On January 21st, the American journalist, Michael Sean Winters, writing in the National Catholic Reporter, characterized the new Catholic president and the US Catholic divided house this way: “Biden did more in 24 hours to remind the American people that the Catholic Church can be a force for good in our country than the bishops’ conference has done in 10 years. His memorial service for COVID-19 victims was more pastoral than their repugnant statement. Biden’s inaugural address was a better articulation of Catholic ideas about governance than any recent document from the conference. He cited Augustine to help unite our brutally divided country. They turn to citations that exacerbate the divide. Biden has allowed himself to be enriched by the faith of others, Catholic and non-Catholic. Gomez seems stuck in his Opus Dei playbook.”
Since the late 1970s, in fact, conservative US Catholics and evangelicals have been allies in the “culture war” that has shaped US partisan politics. This has been due in no small part to the conservative “reform of the reform” of the Second Vatican Council undertaken by popes John Paul II and Benedict XVI, and the bishops they appointed to make it happen.
Yes. Today the US Catholic Church is a divided house and it is time for institutional reformation. A good project for Lent 2021 that begins on February 17th. A change in mentality is certainly needed: one that’s more open and inviting, less restrictive, and less confrontational. We need better educated leaders, who have undergone a kind of pastoral renewal with updated historical and theological perspectives.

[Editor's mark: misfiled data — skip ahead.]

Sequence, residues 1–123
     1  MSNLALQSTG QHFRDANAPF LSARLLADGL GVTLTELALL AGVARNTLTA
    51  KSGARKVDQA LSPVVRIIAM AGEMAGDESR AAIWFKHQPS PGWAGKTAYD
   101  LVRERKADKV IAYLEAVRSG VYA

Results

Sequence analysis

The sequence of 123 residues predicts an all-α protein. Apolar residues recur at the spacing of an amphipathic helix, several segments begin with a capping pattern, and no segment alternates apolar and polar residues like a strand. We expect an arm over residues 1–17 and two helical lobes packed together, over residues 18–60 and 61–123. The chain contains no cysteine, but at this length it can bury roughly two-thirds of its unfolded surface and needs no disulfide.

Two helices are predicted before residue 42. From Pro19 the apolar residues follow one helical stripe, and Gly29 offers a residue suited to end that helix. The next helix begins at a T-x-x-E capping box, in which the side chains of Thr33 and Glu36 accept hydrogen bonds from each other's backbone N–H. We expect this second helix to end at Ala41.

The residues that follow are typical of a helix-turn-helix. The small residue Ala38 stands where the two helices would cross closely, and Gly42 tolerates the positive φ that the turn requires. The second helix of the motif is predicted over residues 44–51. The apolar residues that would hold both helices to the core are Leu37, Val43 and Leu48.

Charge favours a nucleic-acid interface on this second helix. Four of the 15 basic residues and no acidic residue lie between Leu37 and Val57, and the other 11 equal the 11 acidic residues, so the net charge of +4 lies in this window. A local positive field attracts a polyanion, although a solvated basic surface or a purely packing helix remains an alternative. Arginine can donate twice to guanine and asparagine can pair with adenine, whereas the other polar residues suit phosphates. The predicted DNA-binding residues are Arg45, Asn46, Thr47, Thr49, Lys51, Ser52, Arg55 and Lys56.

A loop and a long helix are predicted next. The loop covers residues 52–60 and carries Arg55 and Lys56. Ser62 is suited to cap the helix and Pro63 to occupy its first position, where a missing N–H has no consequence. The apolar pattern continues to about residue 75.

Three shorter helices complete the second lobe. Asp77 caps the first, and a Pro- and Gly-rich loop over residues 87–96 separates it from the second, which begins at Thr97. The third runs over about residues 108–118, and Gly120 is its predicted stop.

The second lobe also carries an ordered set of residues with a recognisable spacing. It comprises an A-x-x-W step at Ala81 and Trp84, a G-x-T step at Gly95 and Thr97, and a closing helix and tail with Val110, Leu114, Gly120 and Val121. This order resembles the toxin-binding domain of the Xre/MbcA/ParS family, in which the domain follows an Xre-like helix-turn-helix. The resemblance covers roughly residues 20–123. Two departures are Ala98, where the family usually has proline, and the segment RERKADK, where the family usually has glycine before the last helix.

Ongoing theological education and formation has been a big part of my life. With men and women in ministry or preparing for ministry. Even with bishops. I remember a session – now a few years ago – with a small group of US bishops, whom I knew as friends. They were complaining to me that they felt “out of touch” with their clergy and lay people. After a few minutes the group fell silent. I looked at them and calmly and simply said “Gentlemen, with all due respect, you don’t have much credibility anymore. Your knowledge of church history is minimal. Your biblical perspective and understanding resonate more with the early 1950s, as does your understanding of human sexuality and gender.” No one became angry. No got up and walked out of the room. We had a very sincere and respectful discussion. A number of those men later went on continuing ed. sabbaticals. Others began to seek out, to read, and to listen to well-respected theologians. It can happen.
We all need renewed perspectives. Progressives as well as conservatives. In the process we need to listen to each other with humility, respect, inquisitive minds, and compassionate understanding. No one has all the answers. All theologies – even the ones I like — are provisional until a better explanation is found. We are all teachers and we are all learners. We are all believers…..We do need each other. A divided “Body of Christ” is neither life-giving nor Christian.
Sooner or later divided houses collapse, but they take a lot of innocent victims with them.